The Central Intelligence Agency isn’t the sort of place that draws a lot of self-described “creative spirits.” But according to the 9/11 Commission, their presence is sorely needed. How can the CIA—and other highly convergent, formal bureaucracies—best make use of those employees who feel like square pegs in round holes?
Many pay lip service to nonconformity, but if you’re really unusual, you’ve probably struggled with the implications of deviating from the norm. How should we balance the costs and benefits of our divergence? In this issue’s introductory letter, Third Factor editor in chief Jessie Mannisto links our authors’ takes on this challenge to Eleanor Roosevelt’s writings on how to be an individual.
What does it mean to be a divergent thinker? Dr. Deirdre Lovecky of the Gifted Resource Center of New England discusses what drives these individuals to march to the beats of their own drummers—and the challenges they face while doing so.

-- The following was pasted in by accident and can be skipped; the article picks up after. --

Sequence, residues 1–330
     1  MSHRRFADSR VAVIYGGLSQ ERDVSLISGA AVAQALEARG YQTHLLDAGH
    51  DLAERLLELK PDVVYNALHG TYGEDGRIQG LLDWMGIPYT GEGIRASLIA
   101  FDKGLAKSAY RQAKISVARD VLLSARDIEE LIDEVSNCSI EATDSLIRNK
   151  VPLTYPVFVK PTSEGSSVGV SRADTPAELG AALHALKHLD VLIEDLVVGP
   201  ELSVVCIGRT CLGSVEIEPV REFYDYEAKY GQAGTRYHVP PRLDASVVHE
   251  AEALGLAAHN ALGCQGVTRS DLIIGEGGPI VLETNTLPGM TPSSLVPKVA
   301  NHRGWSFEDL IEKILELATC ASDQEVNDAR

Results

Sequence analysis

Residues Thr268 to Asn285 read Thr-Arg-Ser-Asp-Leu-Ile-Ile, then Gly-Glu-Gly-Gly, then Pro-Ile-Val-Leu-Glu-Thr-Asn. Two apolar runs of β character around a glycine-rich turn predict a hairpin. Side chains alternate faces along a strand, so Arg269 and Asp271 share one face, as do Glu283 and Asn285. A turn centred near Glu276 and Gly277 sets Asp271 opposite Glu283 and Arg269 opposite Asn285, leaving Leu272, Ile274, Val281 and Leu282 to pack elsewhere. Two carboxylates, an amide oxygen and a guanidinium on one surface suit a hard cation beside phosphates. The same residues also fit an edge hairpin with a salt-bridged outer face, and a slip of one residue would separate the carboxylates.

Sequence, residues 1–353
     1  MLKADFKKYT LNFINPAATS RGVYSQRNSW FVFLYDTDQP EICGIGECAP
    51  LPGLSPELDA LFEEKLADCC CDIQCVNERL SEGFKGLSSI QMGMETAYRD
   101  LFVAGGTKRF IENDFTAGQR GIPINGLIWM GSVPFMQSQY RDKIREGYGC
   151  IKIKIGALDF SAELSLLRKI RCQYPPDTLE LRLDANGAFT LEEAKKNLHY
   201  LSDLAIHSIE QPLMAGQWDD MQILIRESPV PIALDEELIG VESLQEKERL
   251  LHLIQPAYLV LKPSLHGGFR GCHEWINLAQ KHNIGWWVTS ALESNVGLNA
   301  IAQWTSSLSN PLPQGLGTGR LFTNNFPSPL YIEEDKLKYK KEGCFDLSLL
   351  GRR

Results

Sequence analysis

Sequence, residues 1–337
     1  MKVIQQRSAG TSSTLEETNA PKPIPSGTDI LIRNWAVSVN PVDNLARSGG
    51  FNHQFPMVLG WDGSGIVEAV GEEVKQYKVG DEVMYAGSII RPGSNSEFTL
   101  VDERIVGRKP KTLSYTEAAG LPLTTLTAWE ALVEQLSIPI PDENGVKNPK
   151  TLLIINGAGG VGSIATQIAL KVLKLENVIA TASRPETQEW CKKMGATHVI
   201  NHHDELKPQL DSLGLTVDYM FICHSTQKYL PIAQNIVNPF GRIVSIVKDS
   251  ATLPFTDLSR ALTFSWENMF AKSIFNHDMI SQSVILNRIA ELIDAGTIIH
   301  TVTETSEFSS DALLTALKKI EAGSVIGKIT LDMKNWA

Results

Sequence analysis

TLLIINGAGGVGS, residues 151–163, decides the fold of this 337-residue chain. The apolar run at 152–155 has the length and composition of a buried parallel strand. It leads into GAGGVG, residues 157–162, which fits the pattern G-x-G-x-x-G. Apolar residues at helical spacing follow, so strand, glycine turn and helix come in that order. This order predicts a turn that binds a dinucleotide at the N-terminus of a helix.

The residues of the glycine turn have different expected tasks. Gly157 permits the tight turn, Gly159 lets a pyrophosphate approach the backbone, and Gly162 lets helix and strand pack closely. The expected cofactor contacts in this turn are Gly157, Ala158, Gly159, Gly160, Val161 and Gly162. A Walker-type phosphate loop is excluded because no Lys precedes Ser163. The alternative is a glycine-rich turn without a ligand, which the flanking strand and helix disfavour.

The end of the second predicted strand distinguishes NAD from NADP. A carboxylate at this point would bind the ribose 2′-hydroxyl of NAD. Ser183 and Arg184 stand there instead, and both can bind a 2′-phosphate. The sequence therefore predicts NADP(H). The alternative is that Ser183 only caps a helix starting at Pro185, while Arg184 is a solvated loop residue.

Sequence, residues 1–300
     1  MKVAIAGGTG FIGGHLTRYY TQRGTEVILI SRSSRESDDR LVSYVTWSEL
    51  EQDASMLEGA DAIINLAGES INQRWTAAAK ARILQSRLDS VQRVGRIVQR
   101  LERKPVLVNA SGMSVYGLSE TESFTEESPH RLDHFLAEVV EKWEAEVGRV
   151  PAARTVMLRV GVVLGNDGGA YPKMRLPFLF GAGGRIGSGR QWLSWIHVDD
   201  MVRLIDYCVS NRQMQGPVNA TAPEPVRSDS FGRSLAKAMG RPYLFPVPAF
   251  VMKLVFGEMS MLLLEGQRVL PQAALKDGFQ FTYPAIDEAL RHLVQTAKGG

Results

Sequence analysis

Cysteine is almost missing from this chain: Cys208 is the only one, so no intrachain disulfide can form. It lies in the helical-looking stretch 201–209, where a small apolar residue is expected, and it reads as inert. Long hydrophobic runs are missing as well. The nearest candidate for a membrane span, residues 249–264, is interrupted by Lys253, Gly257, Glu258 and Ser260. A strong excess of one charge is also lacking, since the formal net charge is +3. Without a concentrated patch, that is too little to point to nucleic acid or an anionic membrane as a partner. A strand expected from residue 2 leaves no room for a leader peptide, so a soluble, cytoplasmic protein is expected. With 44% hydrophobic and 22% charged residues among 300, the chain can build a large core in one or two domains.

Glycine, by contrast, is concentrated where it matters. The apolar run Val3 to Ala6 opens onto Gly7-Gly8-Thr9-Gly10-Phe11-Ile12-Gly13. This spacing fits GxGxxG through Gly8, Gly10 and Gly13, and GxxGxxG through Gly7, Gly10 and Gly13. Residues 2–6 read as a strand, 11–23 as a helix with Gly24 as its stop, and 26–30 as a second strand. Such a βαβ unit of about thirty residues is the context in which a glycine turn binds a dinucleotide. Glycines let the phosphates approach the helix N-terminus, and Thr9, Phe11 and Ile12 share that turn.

We’ve divided the political world into a red team and a blue team. Where does a person belong when she sees not only shimmers of red in the blue and the blue in the red, but oranges, yellows, greens, and purples besides? One thing’s for sure: it will take courage for such a person to find—or keep—a political home.
For our issue on non/conformity, we have the perfect book to feature: the story of a heretic.